Casey Anthony jurors revealed, but missing

Casey Anthony jurors: Judge Belvin Perry said he waited to make the names public because some of the Casey Anthony jurors had received death threats.

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    No longer numbers: In this July 5, 2011 file photo, the juror chairs sit empty in the media room Orlando, Fla., after the jurors found Casey Anthony not guilty in her murder trial.
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A court released the names of the jurors in the Casey Anthony trial for the first time Tuesday since they acquitted the Florida woman of murdering her 2-year-old daughter, Caylee.

The "cooling off" period a judge cited in delaying the release for three months ended Tuesday, and the names of 12 jurors and five alternates were released by the Pinellas County Clerk of Court.

After the trial ended in July, Judge Belvin Perry said he wanted time to pass before the names were made public because some of the jurors had received death threats.

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The named Casey Anthony jurors were: Joan Meier, Raymond Screen, Linda Bills, Harriet White, Brian Berling, Kimberly Kimball, Kathleen Nighland, James Kearns, Ronald Robertson, David Angelo, Mary Fuhr and Jennifer Ford.

The alternates were Elizabeth Jones, Heather Feuerhake, Craig Neuendorf, Russell Huekler and Dean-Edward Echstadt.

Jurors were selected from Pinellas County, along Florida's Gulf Coast, because of concerns about pretrial publicity in Orlando. The jurors were sequestered until the verdict was announced.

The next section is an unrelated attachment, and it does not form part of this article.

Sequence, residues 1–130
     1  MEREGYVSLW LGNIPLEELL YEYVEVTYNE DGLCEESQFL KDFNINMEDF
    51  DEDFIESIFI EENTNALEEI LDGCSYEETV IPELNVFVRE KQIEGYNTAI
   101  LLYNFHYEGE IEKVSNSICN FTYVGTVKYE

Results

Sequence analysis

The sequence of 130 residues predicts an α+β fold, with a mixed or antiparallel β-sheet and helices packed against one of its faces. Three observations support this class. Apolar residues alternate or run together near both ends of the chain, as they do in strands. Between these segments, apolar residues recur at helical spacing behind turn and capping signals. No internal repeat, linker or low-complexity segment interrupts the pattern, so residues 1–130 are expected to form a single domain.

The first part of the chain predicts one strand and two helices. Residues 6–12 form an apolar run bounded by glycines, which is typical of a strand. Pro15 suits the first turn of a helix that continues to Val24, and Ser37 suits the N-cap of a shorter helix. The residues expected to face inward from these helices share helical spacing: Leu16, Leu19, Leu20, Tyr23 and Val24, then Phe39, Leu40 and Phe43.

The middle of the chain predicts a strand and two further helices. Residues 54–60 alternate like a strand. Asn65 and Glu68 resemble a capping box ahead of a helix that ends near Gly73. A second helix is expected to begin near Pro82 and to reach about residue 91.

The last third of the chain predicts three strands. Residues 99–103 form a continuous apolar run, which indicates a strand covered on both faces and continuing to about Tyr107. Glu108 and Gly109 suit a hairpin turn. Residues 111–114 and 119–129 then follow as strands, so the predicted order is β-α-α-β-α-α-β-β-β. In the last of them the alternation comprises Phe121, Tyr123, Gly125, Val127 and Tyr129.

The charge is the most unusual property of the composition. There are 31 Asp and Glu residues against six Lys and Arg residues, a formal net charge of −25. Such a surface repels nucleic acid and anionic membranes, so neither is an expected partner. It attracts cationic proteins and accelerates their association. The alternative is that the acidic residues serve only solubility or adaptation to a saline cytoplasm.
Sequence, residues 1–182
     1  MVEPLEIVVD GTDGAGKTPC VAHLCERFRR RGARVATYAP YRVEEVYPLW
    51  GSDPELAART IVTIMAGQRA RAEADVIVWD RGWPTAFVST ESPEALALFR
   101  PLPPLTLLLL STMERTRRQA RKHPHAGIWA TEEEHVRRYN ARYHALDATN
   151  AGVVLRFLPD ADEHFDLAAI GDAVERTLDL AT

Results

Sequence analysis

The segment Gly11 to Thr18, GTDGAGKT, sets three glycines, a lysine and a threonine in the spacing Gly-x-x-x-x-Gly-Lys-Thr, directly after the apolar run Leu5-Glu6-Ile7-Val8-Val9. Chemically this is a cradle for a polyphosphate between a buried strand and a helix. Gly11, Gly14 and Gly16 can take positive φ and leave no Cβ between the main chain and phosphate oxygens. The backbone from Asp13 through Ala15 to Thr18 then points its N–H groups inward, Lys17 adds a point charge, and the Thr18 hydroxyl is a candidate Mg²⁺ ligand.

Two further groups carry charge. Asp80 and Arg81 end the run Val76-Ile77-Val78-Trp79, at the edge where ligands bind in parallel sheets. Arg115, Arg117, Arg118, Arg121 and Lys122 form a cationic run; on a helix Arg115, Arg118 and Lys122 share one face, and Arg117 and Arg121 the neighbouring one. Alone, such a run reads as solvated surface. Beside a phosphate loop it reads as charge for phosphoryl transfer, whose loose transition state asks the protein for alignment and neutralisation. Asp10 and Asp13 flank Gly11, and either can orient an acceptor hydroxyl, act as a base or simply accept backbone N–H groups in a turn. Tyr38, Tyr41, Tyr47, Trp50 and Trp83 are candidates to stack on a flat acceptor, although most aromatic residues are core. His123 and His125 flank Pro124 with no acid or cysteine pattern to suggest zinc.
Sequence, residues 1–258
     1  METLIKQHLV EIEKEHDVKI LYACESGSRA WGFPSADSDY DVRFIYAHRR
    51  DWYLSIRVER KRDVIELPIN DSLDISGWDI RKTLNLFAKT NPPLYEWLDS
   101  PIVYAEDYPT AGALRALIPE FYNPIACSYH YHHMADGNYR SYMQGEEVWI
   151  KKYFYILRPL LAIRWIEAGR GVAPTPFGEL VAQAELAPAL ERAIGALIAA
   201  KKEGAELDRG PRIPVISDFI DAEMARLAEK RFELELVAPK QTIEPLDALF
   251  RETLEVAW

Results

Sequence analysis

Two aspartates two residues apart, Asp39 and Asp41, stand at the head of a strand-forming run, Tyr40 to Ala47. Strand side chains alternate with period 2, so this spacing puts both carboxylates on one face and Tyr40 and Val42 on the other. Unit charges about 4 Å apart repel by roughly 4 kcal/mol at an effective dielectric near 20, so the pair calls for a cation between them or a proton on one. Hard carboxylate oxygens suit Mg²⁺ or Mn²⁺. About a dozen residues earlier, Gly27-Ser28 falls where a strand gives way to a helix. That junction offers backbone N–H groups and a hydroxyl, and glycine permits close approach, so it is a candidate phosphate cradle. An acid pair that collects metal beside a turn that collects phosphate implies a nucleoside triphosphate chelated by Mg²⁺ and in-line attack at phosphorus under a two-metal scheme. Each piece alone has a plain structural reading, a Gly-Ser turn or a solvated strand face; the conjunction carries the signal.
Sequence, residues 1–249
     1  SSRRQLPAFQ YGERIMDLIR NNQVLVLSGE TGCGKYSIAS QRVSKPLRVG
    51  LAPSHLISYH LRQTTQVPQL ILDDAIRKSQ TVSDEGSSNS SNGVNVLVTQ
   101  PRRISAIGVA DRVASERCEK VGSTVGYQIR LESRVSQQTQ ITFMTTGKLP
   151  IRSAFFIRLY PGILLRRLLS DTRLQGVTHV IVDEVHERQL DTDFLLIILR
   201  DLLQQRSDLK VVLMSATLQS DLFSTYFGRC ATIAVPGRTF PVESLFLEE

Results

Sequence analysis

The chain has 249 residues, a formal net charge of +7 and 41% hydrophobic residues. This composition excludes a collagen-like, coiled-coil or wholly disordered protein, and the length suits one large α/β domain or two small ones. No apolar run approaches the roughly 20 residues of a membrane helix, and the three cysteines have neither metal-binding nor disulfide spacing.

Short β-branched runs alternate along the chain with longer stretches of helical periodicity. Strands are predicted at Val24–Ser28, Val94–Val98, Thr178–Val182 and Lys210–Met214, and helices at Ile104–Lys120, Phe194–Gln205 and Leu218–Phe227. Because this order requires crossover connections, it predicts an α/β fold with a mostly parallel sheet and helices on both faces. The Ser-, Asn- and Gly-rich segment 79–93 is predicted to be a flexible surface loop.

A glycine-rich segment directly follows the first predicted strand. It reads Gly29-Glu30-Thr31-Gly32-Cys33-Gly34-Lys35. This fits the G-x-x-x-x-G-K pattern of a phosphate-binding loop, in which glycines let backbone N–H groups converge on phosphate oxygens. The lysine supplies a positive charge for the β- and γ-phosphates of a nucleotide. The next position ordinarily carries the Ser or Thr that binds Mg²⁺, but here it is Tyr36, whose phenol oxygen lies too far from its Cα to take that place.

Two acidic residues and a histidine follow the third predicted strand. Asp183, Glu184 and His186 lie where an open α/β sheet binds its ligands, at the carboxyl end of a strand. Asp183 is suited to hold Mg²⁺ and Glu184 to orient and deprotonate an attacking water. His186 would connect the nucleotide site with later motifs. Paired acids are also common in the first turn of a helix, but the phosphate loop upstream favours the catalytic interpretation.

Associated Press reporters knocked on doors Tuesday at homes where the jurors were thought to live.

The husband of alternate juror Elizabeth Jones answered the door at their home. He said she was at work. "I'll leave your card with the pile here," Mike Jones said. "But I don't think she is going to want to talk." He added that since she didn't deliberate, "she doesn't have a whole lot to say."

In most cases, the blinds or drapes were closed and no one answered. Dogs could be heard barking inside some of the homes.

At another home, a woman who answered the door said the juror doesn't live there.

Tampa Bay Online quoted John Fitzgibbons, a defense attorney in Tampa, as saying that he was not surprised by the lack of juror availability. "In a case like this with all of the attention, it is not surprising at all the jurors may decline to discuss the case," he said. "I can't blame the jurors for not wanting to talk."

Anthony was acquitted of killing Caylee and released from jail a couple of weeks after the trial ended. She is now serving probation on an unrelated check fraud charge at an undisclosed location in Florida.

She was deposed earlier in October for a civil lawsuit that accuses her of ruining another woman's reputation. Anthony told detectives in 2008 that her daughter had been kidnapped by a nanny named Zenaida Gonzalez. The child's body was later found in a wooded area not from the Anthony's home in Orlando.

Detectives have said no such baby sitter existed. But there is an Orlando woman named Zenaida Gonzalez and she sued Anthony over the name confusion.

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